And the story remains to be told, the story of how the Giants won the 1951 pennant in the National League….The tale of their barreling run through August and September and into October….On the final day of the season when they won the championship and started home with it from Boston, to hear on the train how the dead, defeated Dodgers had risen from the ashes in the Philadelphia twilight….Of the three-game playoff in which they won, and lost and were losing again with one out in the ninth inning yesterday when — Oh, why bother?

Maybe this is the way to tell it: Bobby Thomson, a young Scot from Staten Island, delivered a timely hit yesterday in the ninth inning of an enjoyable game of baseball before 34,320 witnesses in the Polo Grounds….Or perhaps this is better:

“Well,” said Whitey Lockman, standing on second base in the second inning of yesterday’s playoff game between the Giants and Dodgers.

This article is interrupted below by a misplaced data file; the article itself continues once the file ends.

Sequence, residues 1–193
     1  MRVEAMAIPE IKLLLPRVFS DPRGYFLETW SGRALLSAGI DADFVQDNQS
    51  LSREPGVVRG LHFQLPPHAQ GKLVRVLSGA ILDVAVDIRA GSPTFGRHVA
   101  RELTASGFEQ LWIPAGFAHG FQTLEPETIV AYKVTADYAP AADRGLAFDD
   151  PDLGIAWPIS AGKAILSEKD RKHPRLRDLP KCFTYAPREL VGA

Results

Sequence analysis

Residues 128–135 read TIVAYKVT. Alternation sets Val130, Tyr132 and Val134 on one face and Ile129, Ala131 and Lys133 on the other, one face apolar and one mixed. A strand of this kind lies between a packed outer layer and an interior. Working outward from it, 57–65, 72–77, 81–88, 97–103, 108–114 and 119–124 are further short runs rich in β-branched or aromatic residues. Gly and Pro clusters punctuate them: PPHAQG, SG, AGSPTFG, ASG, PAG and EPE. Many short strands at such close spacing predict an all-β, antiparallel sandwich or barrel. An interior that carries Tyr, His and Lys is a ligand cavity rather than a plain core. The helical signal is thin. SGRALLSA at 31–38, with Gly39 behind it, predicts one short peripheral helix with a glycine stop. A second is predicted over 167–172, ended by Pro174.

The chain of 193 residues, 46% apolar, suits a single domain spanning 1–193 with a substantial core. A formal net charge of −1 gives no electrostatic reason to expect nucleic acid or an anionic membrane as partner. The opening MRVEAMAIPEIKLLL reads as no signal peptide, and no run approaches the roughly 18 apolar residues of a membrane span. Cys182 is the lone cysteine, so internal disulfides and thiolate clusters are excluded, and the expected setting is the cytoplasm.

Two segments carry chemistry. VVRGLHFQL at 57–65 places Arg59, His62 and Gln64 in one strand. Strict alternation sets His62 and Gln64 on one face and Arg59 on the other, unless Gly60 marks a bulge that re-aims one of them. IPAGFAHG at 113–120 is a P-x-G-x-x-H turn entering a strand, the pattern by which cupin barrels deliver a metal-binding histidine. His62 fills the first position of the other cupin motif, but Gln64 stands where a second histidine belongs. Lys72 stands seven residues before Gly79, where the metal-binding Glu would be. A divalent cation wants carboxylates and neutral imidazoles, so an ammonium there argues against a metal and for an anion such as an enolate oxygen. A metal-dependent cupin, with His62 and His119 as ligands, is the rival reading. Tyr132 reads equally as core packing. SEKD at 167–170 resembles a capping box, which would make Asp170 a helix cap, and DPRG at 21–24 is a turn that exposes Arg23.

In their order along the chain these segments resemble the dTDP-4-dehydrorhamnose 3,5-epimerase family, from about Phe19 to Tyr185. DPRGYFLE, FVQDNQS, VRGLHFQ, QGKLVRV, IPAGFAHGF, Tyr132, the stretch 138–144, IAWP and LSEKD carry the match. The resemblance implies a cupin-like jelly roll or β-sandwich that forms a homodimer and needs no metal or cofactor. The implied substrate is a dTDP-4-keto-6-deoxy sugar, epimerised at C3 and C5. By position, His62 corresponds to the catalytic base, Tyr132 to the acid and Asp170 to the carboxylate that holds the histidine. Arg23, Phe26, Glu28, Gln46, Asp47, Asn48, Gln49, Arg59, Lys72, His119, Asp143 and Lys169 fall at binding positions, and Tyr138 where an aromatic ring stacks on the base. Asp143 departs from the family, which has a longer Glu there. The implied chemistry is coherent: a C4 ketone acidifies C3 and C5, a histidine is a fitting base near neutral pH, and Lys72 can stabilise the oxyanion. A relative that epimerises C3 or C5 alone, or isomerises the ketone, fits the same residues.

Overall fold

“Ah, there,” said Bobby Thomson, pulling into the same station after hitting a ball to left field. “How’ve you been?”

“Fancy,” Lockman said, “meeting you here!”

“Ooops!” Thomson said. “Sorry.”

And the Giants’ first chance for a big inning against Don Newcombe disappeared as they tagged him out. Up in the press section, the voices of Willie Goodrich came over the amplifiers announcing a macabre statistic: “Thomson has now hit safely in fifteen consecutive games.” Just then the floodlights were turned on, enabling the Giants to see and count their runners on each base.

It wasn’t funny, though, because it seemed for so long that the Giants weren’t going to get another chance like the one Thomson squandered by trying to take second base with a playmate already there. They couldn’t hit Newcombe and the Dodgers couldn’t do anything wrong. Sal Maglie’s most splendorous pitching would avail nothing unless New York could match the run Brooklyn had scored in the first inning.

The story was winding up, and it wasn’t the happy ending which such a tale demands. Poetic justice was a phrase without meaning.